|1981 Italian Grand Prix|
|Race 13 of 15 in the 1981 Formula One World Championship|
|Date||13 September 1981|
|Official name||LII Gran Premio d'Italia|
Autodromo Nazionale di Monza|
Monza, Lombardy, Italy
|Course||Permanent racing facility|
|Course length||5.8 km (3.604 miles)|
|Distance||52 laps, 301.6 km (187.406 miles)|
|Weather||Dry and sunny|
|Time||1:37.528 on lap 48|
Formula One returned to Monza after the previous year's Italian Grand Prix had been held at Imola. The 52-lap race was won by Frenchman Alain Prost, who led every lap in his Renault after starting from third position. Australian Alan Jones finished second in a Williams-Ford, some 22 seconds behind, with Argentine teammate Carlos Reutemann third.
Reutemann came into the race tied on points at the top of the Drivers' Championship with Brazilian Nelson Piquet, driving a Brabham-Ford. Piquet suffered a last-lap engine failure which dropped him from third to sixth, giving Reutemann a three-point lead in the championship with two races remaining.
Qualifying saw René Arnoux take pole position in his Renault by 0.67 seconds from Carlos Reutemann's Williams. It was Arnoux's fourth pole position of the season and the sixth in succession for the Renault team. Alain Prost was third in the other Renault, with Jacques Laffite in the Ligier alongside him on the second row of the grid. Alan Jones in the other Williams and Nelson Piquet in the Brabham made up the third row, and the top ten was completed by John Watson in the McLaren, Didier Pironi and Gilles Villeneuve in the two Ferraris, and Bruno Giacomelli in the Alfa Romeo.
For the first time, the Toleman team qualified for a race, with Brian Henton taking 23rd. Teammate Derek Warwick failed to qualify along with Marc Surer in the Theodore, Beppe Gabbiani in the Osella, Siegfried Stohr in the Arrows, and Keke Rosberg and Chico Serra in the two Fittipaldis. Stohr crashed heavily during the qualifying session; already haunted by the trauma of nearly killing mechanic Dave Luckett in Belgium earlier in the season, he ultimately decided to stop racing and start a successful motor racing academy.
|10||23||Bruno Giacomelli||Alfa Romeo||1:38.617||1:35.946||+2.479|
|11||11||Elio de Angelis||Lotus-Ford||1:36.158||1:36.309||+2.691|
|13||22||Mario Andretti||Alfa Romeo||1:37.166||1:36.296||+2.829|
|16||8||Andrea de Cesaris||McLaren-Ford||no time||1:37.019||+3.552|
On the run-up to the first chicane, Prost passed both Reutemann and teammate Arnoux to take the lead, while Pironi jumped from eighth to fourth. Reutemann then overtook Arnoux at the Curva Grande, before Pironi overtook both to run second by the end of the lap. As Prost opened up a lead, Arnoux re-passed Reutemann on lap 2 and Pironi on lap 5. Laffite, having already passed Reutemann, then overtook Pironi for third on lap 6, as Villeneuve retired with an engine failure.
On lap 12, Laffite dropped out with a puncture, by which point Pironi had dropped back behind Reutemann and Jones. As rain started to fall, Jones passed teammate Reutemann for third. At the end of the lap, Eddie Cheever spun his Tyrrell out at the Parabolica; on the next lap, Arnoux himself spun out after swerving to avoid Cheever's abandoned car, leaving Prost comfortably clear of Jones. Reutemann, struggling as the track started to dry again, soon fell to eighth behind Giacomelli, Patrick Tambay in the second Ligier (who had only started 15th), Piquet, Pironi and Watson.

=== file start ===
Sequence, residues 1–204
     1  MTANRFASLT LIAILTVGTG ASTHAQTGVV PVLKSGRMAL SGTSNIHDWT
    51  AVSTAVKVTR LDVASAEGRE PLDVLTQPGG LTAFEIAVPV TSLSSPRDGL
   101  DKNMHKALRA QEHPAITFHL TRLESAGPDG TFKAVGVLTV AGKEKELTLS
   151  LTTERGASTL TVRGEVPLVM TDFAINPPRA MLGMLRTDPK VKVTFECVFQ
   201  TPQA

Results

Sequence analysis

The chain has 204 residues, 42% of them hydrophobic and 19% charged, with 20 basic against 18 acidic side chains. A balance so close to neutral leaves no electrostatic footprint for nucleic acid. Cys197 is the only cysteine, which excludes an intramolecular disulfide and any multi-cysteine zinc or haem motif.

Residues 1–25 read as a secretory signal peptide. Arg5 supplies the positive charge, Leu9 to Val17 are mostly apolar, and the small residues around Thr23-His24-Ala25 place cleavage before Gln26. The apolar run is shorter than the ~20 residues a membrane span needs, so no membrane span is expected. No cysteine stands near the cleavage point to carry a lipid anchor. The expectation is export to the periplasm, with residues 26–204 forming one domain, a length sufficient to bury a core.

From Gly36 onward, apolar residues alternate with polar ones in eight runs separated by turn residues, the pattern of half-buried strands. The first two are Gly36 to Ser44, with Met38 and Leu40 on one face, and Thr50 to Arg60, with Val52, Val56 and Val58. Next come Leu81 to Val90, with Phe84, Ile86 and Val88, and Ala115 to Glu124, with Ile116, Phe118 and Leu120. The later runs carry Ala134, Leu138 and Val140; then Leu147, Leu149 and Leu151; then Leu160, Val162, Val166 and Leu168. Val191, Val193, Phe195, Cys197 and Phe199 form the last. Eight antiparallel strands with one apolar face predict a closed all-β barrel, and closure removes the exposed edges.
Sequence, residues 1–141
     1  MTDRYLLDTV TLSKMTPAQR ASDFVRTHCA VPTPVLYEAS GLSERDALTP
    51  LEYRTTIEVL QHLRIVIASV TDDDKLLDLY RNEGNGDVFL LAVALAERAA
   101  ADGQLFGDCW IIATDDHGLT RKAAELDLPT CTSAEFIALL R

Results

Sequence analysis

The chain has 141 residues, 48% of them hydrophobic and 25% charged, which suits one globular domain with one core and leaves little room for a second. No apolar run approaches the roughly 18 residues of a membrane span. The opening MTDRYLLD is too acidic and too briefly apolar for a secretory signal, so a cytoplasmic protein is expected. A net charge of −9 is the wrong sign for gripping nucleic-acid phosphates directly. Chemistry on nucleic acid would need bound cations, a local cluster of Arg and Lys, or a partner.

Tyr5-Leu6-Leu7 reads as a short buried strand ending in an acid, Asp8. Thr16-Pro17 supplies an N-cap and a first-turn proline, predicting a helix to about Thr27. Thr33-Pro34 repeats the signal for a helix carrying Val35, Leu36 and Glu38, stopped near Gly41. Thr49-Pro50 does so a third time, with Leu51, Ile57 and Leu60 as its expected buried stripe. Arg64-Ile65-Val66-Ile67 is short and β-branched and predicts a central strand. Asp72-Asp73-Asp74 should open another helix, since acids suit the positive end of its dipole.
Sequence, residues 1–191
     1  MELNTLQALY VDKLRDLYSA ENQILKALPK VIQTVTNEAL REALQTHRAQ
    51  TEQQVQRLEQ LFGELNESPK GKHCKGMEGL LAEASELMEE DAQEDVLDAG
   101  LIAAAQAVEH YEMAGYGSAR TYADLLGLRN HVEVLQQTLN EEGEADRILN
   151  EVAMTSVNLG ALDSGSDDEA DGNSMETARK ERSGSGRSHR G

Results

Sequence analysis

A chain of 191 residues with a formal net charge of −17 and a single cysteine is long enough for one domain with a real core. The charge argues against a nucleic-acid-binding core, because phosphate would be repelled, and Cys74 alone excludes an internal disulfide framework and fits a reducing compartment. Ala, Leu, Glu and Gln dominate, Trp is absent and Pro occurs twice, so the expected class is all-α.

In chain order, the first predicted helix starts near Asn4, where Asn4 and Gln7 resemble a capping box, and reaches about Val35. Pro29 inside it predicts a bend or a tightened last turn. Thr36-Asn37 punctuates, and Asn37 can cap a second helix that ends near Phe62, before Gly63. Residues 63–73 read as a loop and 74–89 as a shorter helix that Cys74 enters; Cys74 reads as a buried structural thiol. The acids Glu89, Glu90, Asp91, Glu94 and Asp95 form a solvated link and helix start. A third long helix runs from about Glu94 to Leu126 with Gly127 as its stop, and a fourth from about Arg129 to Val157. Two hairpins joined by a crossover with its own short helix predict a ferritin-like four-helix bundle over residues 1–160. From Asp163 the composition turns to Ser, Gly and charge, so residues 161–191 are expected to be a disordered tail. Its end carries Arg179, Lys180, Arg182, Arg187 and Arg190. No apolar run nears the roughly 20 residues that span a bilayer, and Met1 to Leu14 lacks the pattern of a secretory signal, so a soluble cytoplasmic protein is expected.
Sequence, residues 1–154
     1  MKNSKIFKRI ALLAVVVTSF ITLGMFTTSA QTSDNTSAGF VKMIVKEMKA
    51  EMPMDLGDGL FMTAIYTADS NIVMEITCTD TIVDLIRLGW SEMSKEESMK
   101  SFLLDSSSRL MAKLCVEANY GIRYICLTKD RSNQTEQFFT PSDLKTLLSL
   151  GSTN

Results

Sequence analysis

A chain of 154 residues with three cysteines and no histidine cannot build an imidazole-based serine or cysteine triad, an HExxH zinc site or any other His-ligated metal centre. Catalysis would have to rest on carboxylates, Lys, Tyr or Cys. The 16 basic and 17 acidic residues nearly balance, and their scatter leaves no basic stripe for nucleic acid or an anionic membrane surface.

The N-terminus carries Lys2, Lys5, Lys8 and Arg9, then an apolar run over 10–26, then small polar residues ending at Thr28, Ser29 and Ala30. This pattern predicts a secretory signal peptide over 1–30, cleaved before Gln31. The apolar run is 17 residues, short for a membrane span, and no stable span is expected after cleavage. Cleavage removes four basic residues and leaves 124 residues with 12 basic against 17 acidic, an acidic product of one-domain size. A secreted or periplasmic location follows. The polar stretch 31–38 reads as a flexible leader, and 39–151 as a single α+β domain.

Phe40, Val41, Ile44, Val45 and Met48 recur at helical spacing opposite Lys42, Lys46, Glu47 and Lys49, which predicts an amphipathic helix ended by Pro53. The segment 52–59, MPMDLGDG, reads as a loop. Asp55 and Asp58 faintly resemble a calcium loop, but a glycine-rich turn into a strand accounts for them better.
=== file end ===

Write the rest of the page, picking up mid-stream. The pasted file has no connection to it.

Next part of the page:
On lap 20, Watson lost control exiting the second Lesmo bend and smashed into the barriers at high speed. The McLaren was torn in two, with the gearbox and rear wheels going across the track and clipping the second Tyrrell of Michele Alboreto, who also retired. Watson escaped unharmed.
On lap 23 Tambay, like teammate Laffite, retired with a puncture, before Giacomelli pulled into the pits with a jammed gearbox on lap 26. Piquet was thus promoted to third with Pironi fourth and Reutemann fifth, followed by Mario Andretti in the second Alfa Romeo, Elio de Angelis in the Lotus and Andrea de Cesaris in the second McLaren. Reutemann soon passed Pironi again, before Andretti suffered an engine failure on lap 41.
As Prost cruised to victory, ultimately finishing some 22 seconds ahead of Jones, Piquet looked set to hold off championship rival Reutemann for third, until his engine blew on the last lap. Reutemann duly went past, as did de Angelis and Pironi. Piquet was classified sixth ahead of de Cesaris, who himself suffered a puncture on the last lap. The only other finishers were Giacomelli, Jean-Pierre Jarier in the second Osella, and Henton.
Reutemann thus led the Drivers' Championship by three points from Piquet with two races remaining, with Prost, Jones and Laffite all retaining outside chances of the title. The Williams team, meanwhile, needed just two more points to secure their second consecutive Constructors' Championship.
Championship standings after the raceEdit
- Note: Only the top five positions are included for both sets of standings.
- "1981 Italian Grand Prix Entry list".
- Hamilton, Maurice, ed. (1981). AUTOCOURSE 1981–82. Hazleton Publishing Ltd. p. 206. ISBN 0-905138-17-1.
- "John Watson Accidente en Monza, GP Italia 1981". YouTube. Archived from the original on 2021-12-22. Retrieved 2012-06-16.
- "Grand Prix Results: Italian GP, 1981". Grandprix.com. Retrieved 16 June 2012.
- "1981 Italian Grand Prix". formula1.com. Archived from the original on 16 May 2014. Retrieved 23 December 2015.
- "1981 Italian Grand Prix - Race Results & History - GP Archive". GPArchive.com. 13 September 1981. Retrieved 7 November 2021.
- "Italy 1981 - Championship • STATS F1". www.statsf1.com. Retrieved 18 March 2019.